Piper was the first and the only patient in nearly 20 years of practice for whom I have signed the birth certificate and the death certificate. 100 years ago, country doctors did that sort of thing frequently, but today, it is rare. It remains one of the hardest things I have ever done as a physician.
Gun violence has become a public health epidemic. Despite countless deaths in mass shootings over the last 2 decades, the Dickey Amendment—a provision inserted into the 1996 spending bill which blocked federal funding for research on gun violence—remains on the books. While every politician, media pundit, and policy expert “know” the solution, the answers are not that simple.
As a pediatrician, watching enforcement of “zero tolerance” on children at our southern border has broken my heart. Every child needs safety and a sense of belonging. It defines who they are and shapes their perception of the world. For a young child, the loss of a parent is so devastating there can be no repair, only salvage of the wreckage.
I often wonder who has been the greatest blessing to whom. A physician bears witness to the direct impact we have on the lives of other human beings. What a rare treasure to behold! As physicians, our journey is riddled with successes and failures. Yet, my love and dedication to this noble and rewarding profession is instantaneously revitalized when a young person wanders into my office and reminds me of a time when we overcame such insurmountable odds together.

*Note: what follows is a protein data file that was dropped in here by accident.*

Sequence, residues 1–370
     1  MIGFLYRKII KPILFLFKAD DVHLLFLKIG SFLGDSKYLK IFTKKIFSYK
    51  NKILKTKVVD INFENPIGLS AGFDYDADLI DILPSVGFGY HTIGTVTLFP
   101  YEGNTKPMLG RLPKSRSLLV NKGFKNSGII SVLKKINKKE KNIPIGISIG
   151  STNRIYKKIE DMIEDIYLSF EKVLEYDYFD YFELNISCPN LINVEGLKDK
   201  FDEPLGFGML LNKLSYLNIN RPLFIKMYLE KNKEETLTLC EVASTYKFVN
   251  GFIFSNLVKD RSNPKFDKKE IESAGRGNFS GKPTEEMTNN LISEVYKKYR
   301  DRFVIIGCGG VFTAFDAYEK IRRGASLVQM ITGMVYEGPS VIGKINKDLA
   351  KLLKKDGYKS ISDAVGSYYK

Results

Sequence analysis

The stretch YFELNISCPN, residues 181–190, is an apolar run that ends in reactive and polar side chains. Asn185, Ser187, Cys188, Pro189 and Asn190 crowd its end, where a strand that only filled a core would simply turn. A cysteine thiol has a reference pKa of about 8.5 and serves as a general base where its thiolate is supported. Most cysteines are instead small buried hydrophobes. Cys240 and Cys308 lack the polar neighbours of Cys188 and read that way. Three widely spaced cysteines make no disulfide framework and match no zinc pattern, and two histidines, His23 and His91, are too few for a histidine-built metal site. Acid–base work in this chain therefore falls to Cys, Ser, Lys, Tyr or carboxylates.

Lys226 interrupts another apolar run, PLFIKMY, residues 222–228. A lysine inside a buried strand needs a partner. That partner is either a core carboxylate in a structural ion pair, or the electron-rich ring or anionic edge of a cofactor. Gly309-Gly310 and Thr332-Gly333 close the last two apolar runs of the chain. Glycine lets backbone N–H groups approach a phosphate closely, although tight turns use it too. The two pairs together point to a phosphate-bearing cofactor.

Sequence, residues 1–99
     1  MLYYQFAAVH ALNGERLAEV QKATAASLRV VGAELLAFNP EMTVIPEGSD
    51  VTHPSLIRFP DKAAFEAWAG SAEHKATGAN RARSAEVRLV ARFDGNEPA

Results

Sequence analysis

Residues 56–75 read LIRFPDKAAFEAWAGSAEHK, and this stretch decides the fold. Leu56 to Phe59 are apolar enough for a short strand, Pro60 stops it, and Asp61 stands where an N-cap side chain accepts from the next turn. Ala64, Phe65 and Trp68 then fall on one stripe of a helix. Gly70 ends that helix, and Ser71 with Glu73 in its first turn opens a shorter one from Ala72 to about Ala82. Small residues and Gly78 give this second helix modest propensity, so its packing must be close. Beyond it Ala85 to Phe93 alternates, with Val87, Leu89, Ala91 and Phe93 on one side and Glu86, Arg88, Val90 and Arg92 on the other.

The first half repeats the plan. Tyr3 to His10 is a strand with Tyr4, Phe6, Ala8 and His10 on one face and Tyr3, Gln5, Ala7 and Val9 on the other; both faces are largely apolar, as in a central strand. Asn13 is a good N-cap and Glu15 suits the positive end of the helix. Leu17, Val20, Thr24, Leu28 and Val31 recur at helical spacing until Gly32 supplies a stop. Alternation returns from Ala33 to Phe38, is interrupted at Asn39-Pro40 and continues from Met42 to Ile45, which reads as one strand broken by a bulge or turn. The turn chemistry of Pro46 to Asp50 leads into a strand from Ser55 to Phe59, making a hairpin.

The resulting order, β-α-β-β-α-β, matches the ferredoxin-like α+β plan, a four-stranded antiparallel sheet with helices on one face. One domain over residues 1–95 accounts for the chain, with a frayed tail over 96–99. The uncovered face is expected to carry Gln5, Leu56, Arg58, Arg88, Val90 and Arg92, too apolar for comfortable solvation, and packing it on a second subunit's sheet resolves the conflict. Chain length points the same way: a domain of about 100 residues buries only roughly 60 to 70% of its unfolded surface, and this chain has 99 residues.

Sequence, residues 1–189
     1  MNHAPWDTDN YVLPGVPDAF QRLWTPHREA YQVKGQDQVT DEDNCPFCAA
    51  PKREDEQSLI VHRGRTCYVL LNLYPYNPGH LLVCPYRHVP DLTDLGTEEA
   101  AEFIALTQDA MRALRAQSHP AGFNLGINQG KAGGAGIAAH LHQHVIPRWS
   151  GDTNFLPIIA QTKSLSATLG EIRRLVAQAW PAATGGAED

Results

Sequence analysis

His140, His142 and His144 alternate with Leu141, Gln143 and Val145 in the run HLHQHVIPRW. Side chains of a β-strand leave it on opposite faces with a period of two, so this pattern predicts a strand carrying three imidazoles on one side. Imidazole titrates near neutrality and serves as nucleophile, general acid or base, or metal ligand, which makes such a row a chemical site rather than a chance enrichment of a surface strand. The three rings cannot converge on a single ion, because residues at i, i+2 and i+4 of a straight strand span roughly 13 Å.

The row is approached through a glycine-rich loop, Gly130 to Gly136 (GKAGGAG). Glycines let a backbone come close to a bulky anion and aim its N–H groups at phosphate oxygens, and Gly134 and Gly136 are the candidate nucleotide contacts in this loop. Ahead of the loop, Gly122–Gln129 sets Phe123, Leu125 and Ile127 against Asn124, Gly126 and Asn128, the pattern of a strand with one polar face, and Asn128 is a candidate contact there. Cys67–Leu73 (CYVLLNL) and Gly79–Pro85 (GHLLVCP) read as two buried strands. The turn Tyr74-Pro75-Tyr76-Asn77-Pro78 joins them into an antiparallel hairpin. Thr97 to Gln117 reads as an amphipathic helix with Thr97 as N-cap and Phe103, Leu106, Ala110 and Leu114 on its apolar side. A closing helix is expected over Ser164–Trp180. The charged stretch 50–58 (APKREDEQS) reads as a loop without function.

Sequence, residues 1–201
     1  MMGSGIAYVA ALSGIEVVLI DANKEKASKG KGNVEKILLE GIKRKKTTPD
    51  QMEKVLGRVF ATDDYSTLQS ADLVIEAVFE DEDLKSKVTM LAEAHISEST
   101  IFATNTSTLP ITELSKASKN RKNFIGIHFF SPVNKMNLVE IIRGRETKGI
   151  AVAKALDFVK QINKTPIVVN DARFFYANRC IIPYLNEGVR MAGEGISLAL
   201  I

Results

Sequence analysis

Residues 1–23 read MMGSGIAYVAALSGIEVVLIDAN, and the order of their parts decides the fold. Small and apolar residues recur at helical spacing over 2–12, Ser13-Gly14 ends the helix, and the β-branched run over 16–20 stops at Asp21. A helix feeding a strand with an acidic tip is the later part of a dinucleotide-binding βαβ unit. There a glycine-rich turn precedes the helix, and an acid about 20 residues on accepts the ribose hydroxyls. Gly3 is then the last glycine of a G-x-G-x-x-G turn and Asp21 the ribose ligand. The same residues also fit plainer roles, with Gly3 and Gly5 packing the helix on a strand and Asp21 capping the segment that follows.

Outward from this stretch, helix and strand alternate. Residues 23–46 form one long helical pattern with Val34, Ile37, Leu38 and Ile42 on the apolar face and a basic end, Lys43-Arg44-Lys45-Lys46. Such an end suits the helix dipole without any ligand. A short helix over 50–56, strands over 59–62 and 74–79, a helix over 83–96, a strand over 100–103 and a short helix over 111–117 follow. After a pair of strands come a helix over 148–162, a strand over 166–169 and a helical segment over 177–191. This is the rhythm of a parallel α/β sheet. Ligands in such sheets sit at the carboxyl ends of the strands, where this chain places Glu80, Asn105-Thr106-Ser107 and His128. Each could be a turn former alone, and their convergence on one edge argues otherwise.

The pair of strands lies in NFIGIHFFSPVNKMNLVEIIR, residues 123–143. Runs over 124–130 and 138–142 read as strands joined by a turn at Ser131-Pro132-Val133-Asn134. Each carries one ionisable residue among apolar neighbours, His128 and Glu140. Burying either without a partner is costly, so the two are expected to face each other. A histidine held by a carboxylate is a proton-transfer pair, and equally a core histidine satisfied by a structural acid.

Throughout our careers, we are privileged to share in the overwhelming joy of others, yet bear witness to much human suffering that leaves scars on our souls. I wish these parents knew how deeply their son touched us all in the NICU that day. Rainbows are not just a collection of colors as we look out upon the horizon; they are promises for our hearts.
My heart goes out to the families who lost their beautiful sons. Most of you know my older sister drowned in the waters off Brownsville in June 1975; so this issue is near and dear to my heart. Both young men accidentally slipped and were dragged into fast moving water, known in statistics as ‘unintentional drowning.’
She is completely healthy and thriving, yet has contracted the influenza A virus, which is a serious threat to her well-being. Her mom, who also has influenza, said “I have never been more sick in my entire life.” That pretty much sums up the entire Influenza A experience.
According to the U.S. Consumer Products Safety Commission, a child dies every two weeks in this country from a tip over incident involving a TV, a piece of furniture, or a combination of the two. Every 24 minutes a child is admitted to the emergency room because of a TV or a furniture tip over.
How did he let her go? Does he not know we cut patients open and save lives? The shock wore off slowly and then a week later, we reviewed the autopsy report. It provided a remarkable lesson never to be forgotten. Somehow, her father knew better than the healthcare team, what was best for his child. I was not ready, yet he was prepared to let her go and made the right decision.